The Precision Prevention Partnership aims to create a comprehensive roadmap for Alzheimer’s prevention and encompasses the following:

  • Expanding the MET-FINGER multi-site clinical trial platform globally, while also exploring studies of repurposed drugs that address pathways guided by the biology of aging (e.g., vascular, inflammation, metabolic, etc.). This model will serve as a template for the next generation of combination clinical trials, helping to speed up the drug development pipeline.
  • Accelerating the development of new biomarkers for aging, helping improve Alzheimer’s diagnostics and aiding in the development of novel drugs.
  • Advancing the creation and commercialization of the FINGER App and e-FINGER solutions to improve accessibility for a larger global audience.
  • Collaborating with major pharmaceutical companies specializing in Alzheimer’s disease to pursue combination therapy clinical trials that include anti-amyloid therapies with the FINGER model.

This roadmap is strategically designed to address the increase in global Alzheimer’s prevalence. Building on the successes of preventative strategies for other age-related chronic ailments like cancer and diabetes, together, the ADDF and the FBHI will shape the future of precision prevention and combination therapies.

“We are seeing an increase in Alzheimer’s across the globe, which underscores the demand for a multifaceted approach,” says Sarah Lenz Lock, Senior Vice President of Policy and Brain Health at AARP and Executive Director of the Global Council on Brain Health. “Prevention is accessible to all and can start at any time. Uncovering scientifically proven, safe, effective, and affordable tactics tailored to the needs and function of the individual to maintain cognitive health and emphasizing the importance of lifestyle choices will be critical to helping people take control of their brain.”


About The Alzheimer’s Drug Discovery Foundation (ADDF)

Founded in 1998 by Leonard A. and Ronald S. Lauder, the Alzheimer’s Drug Discovery Foundation is dedicated to rapidly accelerating the discovery of drugs to prevent, treat and cure Alzheimer’s disease. The ADDF is the only public charity solely focused on funding the development of drugs for Alzheimer’s, employing a venture philanthropy model to support research in academia and the biotech industry. The ADDF’s leadership and contributions to the field have played a pivotal role in bringing the first Alzheimer’s PET scan (Amyvid®) and blood test (PrecivityAD®) to market, as well as fueling the current robust and diverse drug pipeline. Through the generosity of its donors, the ADDF has awarded more than $250 million to fund over 720 Alzheimer’s drug discovery programs, biomarker programs and clinical trials in 19 countries. To learn more, please visit:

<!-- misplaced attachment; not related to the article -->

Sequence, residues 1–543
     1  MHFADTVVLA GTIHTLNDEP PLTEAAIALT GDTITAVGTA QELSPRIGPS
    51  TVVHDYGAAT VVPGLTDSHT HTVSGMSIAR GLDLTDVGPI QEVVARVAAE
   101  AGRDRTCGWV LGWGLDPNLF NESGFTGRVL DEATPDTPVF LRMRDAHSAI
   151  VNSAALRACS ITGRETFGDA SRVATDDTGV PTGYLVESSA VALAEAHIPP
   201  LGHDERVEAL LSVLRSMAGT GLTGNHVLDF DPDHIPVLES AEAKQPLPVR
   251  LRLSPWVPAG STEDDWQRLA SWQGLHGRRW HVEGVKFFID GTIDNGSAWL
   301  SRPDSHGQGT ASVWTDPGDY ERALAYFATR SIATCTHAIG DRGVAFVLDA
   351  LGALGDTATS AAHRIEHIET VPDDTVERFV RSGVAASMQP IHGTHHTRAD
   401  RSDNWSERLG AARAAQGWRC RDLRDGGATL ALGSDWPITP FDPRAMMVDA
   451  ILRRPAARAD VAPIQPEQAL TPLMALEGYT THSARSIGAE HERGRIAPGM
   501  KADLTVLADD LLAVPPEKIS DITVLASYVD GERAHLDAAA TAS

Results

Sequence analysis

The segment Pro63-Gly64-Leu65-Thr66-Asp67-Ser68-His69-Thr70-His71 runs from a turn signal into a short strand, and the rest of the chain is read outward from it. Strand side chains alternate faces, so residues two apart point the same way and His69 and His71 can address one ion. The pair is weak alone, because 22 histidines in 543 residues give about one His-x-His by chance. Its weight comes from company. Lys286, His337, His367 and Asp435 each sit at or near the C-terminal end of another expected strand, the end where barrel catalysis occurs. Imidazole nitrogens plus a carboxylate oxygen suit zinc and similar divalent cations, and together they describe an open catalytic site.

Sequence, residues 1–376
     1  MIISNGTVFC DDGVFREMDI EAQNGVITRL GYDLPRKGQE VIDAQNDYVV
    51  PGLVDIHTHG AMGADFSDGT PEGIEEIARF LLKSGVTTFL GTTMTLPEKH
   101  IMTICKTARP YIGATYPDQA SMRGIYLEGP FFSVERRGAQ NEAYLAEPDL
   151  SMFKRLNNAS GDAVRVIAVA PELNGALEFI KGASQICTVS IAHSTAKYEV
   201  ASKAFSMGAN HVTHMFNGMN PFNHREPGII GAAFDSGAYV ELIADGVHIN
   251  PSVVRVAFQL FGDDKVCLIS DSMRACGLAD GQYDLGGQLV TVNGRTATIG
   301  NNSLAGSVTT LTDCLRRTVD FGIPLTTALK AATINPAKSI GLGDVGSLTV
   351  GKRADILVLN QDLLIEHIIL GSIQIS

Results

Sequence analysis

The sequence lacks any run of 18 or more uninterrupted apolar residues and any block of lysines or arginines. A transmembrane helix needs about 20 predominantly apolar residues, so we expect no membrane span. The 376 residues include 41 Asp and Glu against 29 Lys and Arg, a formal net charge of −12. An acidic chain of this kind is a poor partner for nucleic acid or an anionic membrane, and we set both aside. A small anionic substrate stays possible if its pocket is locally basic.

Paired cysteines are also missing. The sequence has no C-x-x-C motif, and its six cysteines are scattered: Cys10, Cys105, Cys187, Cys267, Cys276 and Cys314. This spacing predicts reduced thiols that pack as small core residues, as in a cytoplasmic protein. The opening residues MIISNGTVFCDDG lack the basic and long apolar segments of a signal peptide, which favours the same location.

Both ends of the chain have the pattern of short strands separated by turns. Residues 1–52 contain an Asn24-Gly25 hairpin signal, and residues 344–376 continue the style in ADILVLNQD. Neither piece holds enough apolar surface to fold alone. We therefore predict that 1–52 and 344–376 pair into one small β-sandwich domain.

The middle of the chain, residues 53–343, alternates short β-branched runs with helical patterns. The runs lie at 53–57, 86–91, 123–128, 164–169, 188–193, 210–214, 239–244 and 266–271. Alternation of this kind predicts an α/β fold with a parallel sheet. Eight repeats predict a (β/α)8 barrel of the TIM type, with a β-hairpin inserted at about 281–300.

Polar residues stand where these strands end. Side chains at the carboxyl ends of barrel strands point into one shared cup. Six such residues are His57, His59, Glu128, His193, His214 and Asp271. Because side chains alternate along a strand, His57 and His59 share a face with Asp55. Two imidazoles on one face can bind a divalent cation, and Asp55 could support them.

About the World-Wide FINGERS Network, FBHI and its World-Wide FINGERS Global Scientific Coordinating Center

The Finnish Geriatric Intervention Study to Prevent Cognitive Impairment and Disability (FINGER) trial is the first randomized controlled trial (RCT) showing that it is possible to prevent cognitive decline using a multidomain lifestyle intervention among older at-risk individuals. The results from this trial led by Professor Miia Kivipelto and team highlighted the value of addressing multiple dementia risk factors as a strategy to protect brain health, promote overall health and functioning, and reduce the risk of developing new chronic diseases. World Wide FINGERS was established to support and convene global multidomain dementia prevention trials, share experiences and data, and harmonize methods. Professor Kivipelto is the founder and scientific leader of the WW-FINGERS Network, which includes investigator teams from more than 60 countries globally. FBHI is a non-profit research foundation located in Stockholm, Sweden, driven to advance research on healthy brain aging and the implementation of dementia prevention strategies. FBHI hosts and runs the World Wide FINGERS Global Scientific Coordinating Center, a central resource for the World Wide FINGERS Network. The Global Scientific Coordinating Center supports the global scientific activities of the World Wide FINGERS Network, including network coordination, clinical trial optimization, and joint analysis of data.

More about World-Wide FINGERSThe FINGER studyAbout MET-FINGER